It would be the glory of Rome. Nero stood over the table and the familiar seven-hilled landscape filled with intricately carved wooden houses and temples. Today there was a difference. In the area between the Palatine and Esquiline hills now stood a structure so magnificent it gave him a feeling of almost sexual pleasure. A single, monumental building on a scale with the hills that flanked it, which dwarfed every other surrounding construction. Three hundred rooms, miles of lakes and parklands. He would fill it with the wonders of the world and cover it with gold and men would come to marvel at it from the ends of the earth. Aegyptus, Babylon, Troy and Sumeria had nothing to compare with it. This would be his legacy. This would be his triumph. His and his alone. Within it would be a great artistic and cultural centre where he would entertain and mesmerize those worthy of his talent. Music would soothe the blood of his enemies. Fine words would seduce those who opposed him. In this house there would only be harmony.

Of course, he thought, remembering the hundreds, perhaps thousands of wooden dwellings scattered across the mosaic floor, there would be obstacles. But a good workman could clear away any obstacle if he had the tools. He would allow nothing to obstruct his dream. They would thank him in the end, all those small people who would have to make way for it; the people who lived in the cramped dunghills beneath the terracotta tiles amid the oppressive, swirling miasma of corruption. Seneca had taken him there once, disguised in the clothing of the common man, to let him see his people. People? Animals fighting and rutting and squatting in the mud and the straw and the filth. The stink had almost made him faint. He had as little in common with his people as he had with cows in a field or the monkeys in the Palatine menagerie. Let ugliness make way for beauty, ordinariness for elegance, mediocrity for magnificence. He ran the last thought over his tongue, testing it for quality and rhythm. Yes, with a little polishing he could include it in a song or a poem.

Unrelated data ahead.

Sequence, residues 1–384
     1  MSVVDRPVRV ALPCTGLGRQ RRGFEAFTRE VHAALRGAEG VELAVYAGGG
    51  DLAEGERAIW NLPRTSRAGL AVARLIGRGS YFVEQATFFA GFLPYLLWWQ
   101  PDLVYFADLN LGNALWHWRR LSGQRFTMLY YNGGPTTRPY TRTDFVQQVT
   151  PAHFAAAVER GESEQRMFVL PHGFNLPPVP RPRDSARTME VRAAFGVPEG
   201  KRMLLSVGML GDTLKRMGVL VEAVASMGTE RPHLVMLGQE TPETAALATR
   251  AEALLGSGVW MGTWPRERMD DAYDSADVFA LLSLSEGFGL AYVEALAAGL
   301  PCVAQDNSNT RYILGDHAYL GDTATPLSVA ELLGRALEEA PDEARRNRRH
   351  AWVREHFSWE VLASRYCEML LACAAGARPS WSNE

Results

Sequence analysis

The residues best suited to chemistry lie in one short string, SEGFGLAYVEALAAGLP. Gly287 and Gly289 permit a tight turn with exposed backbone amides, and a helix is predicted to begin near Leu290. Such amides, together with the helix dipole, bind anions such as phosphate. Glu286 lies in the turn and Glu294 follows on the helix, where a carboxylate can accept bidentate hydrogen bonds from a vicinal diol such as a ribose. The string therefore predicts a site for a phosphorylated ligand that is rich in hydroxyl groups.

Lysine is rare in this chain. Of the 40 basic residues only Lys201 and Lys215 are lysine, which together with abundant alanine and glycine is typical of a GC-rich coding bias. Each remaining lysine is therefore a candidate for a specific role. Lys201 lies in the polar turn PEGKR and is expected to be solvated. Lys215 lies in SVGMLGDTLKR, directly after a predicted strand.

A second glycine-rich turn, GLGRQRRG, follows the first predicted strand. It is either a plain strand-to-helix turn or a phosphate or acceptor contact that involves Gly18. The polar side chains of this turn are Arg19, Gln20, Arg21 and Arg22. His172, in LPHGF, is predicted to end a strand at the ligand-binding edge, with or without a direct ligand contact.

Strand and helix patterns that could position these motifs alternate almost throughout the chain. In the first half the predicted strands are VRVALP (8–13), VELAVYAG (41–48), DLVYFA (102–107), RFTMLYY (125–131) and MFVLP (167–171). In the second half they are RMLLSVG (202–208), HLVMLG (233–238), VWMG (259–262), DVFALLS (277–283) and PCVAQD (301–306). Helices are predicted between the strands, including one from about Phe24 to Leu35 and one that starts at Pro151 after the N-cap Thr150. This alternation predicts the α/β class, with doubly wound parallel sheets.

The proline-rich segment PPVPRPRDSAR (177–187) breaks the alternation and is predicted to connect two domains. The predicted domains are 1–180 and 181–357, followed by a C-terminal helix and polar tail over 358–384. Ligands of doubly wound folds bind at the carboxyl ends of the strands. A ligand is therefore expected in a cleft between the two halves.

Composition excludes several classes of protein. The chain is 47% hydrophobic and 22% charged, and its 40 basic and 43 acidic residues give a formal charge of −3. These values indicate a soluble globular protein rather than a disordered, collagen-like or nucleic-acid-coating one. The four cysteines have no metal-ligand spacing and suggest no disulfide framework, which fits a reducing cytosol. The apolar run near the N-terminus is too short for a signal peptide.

He picked up his harp and strummed through the scales, smiling as the hundreds of songbirds in the cages by the window reacted to his notes. Here at least he could always find an audience who truly appreciated his music. The cage was not their natural element, just as the barless cage of duty he inhabited was not his. Sometimes he longed to fly free and when that melancholy took hold he would open the cages and watch the birds stand nervously on the threshold before taking to the skies; trilling blackbirds and song thrushes, pink-cheeked goldfinches and drab, honey-voiced skylarks, the robins and wrens and redstarts. Sometimes they would die in their cages and he would mourn them.